A Baton Rouge man accused of fatally shooting a woman in 2015 and abducting her 2-year-old daughter won't be tried separately on murder, kidnapping and drug charges, a state judge decided Wednesday.

Curtis King's attorneys had filed a motion asking District Judge Trudy White to sever the second-degree murder, aggravated kidnapping and drug counts against him, which would have resulted in separate trials on each of the three counts.

"It's going to be difficult for the jury to pull this apart," Keith Thornton, one of King's attorneys, argued at a hearing Wednesday.

White denied the request to sever the charges, saying an East Baton Rouge Parish grand jury that indicted King in September 2015 obviously believed the counts stemmed from "one continuous activity."

"It's all connected," the judge added.

Lyn Legier, who also represents King, said afterward that White's ruling will be reviewed and could be appealed.

King, 27, would face a mandatory sentence of life in prison if found guilty as charged in the killing of 24-year-old Taylor Latham, whose body was discovered in a car outside her Louisiana Avenue home the evening of May 4, 2015.

Prosecutors contend King killed Latham between the evening of May 1, 2015, and the morning of May 2, 2015. She was shot in the head. Prosecutors allege King then kidnapped Latham's daughter May 3, 2015. He was found in possession of drugs when he was arrested three days later.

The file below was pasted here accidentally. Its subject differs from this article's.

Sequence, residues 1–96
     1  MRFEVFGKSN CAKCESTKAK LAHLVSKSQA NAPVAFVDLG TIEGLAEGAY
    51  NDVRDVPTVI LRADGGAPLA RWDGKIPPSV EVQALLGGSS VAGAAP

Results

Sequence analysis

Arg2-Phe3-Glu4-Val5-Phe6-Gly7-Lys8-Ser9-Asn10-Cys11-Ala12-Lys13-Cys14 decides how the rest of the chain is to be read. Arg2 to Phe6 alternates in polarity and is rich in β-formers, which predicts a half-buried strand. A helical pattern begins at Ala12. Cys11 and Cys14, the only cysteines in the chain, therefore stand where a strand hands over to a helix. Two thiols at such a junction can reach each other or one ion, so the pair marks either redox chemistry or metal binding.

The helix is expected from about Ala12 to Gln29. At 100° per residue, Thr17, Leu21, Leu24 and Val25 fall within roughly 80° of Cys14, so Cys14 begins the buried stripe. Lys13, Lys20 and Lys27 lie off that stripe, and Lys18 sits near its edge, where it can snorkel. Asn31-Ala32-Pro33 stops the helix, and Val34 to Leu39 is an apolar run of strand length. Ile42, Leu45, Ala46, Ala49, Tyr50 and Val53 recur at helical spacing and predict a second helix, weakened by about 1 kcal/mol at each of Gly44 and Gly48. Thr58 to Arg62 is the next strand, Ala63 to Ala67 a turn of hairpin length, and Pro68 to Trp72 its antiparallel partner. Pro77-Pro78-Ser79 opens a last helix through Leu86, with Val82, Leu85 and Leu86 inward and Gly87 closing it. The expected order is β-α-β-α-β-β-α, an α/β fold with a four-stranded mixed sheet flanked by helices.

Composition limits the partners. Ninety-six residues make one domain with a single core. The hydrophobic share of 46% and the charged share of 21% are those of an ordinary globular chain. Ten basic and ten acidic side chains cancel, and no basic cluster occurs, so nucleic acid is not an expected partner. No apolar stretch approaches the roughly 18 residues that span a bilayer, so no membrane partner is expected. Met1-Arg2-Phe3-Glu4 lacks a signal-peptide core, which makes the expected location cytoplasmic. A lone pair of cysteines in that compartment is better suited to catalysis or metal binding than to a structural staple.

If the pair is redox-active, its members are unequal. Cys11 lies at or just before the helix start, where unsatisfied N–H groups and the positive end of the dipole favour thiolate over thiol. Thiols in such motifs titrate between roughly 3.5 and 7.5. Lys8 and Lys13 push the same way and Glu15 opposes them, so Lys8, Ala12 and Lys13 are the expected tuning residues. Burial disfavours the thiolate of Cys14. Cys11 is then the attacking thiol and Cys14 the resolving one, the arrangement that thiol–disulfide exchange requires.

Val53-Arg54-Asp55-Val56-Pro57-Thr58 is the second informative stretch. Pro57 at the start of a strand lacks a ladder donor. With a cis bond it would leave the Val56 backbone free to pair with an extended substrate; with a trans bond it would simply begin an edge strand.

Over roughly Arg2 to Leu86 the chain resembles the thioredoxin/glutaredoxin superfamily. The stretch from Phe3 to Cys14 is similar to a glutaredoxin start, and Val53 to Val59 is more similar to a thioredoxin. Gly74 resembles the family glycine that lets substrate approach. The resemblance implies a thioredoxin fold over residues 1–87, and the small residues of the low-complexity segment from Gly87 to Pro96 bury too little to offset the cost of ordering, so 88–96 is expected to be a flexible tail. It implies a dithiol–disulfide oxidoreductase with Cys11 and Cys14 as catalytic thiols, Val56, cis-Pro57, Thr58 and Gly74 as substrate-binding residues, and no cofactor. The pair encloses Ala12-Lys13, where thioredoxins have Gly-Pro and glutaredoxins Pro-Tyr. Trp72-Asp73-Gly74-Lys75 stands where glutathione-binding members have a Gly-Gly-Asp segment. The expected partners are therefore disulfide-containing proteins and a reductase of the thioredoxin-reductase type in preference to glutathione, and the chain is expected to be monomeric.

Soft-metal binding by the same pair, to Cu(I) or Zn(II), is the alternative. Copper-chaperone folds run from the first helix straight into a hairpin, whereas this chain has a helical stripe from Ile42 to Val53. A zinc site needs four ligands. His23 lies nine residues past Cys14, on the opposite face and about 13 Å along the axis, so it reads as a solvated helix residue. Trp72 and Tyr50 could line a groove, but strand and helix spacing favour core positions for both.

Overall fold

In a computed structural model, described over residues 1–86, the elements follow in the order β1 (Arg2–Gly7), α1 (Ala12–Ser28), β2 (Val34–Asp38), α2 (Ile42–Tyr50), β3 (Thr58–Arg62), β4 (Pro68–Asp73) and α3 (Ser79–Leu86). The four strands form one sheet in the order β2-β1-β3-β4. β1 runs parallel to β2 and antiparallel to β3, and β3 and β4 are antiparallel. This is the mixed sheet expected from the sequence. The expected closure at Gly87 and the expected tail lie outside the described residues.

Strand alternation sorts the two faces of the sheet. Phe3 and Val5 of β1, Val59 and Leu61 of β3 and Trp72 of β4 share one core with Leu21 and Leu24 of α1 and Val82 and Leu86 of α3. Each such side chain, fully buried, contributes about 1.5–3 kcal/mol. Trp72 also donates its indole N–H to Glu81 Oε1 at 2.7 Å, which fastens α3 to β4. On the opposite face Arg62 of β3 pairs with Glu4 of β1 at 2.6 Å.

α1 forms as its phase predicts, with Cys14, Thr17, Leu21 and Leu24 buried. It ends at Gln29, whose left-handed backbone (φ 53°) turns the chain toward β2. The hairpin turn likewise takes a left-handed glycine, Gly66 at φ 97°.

King told authorities he found Latham's daughter inside her house and took her with him to "rescue" her. His live-in girlfriend at the time dropped the girl off at a Scenic Highway women's shelter May 5, 2015, authorities said. She was not prosecuted.

Latham, according to King and several other witness statements, was a prostitute, prosecutor Kathleen Barrios has said in a court filing. Witnesses said King was her pimp, the filing states.

King is scheduled to stand trial April 2 on the murder, kidnapping and drug charges stemming from the 2015 incidents.

He also faces drug and second-degree cruelty to a juvenile charges in the 2013 death of his 6-month-old son. He is set to be tried on those charges after the murder and kidnapping trial.

Coroner's officials concluded King's son, Aiden King, died in October 2013 primarily because of an inability to breathe in an oversized bed, but those officials said there was not enough evidence to determine whether the death was a homicide or an accident.

Prosecutors have alleged King was "breaking down a large amount of marijuana" and had left his son unattended behind closed doors in an adult bed.

Follow Joe Gyan Jr. on Twitter, @JoeGyanJr.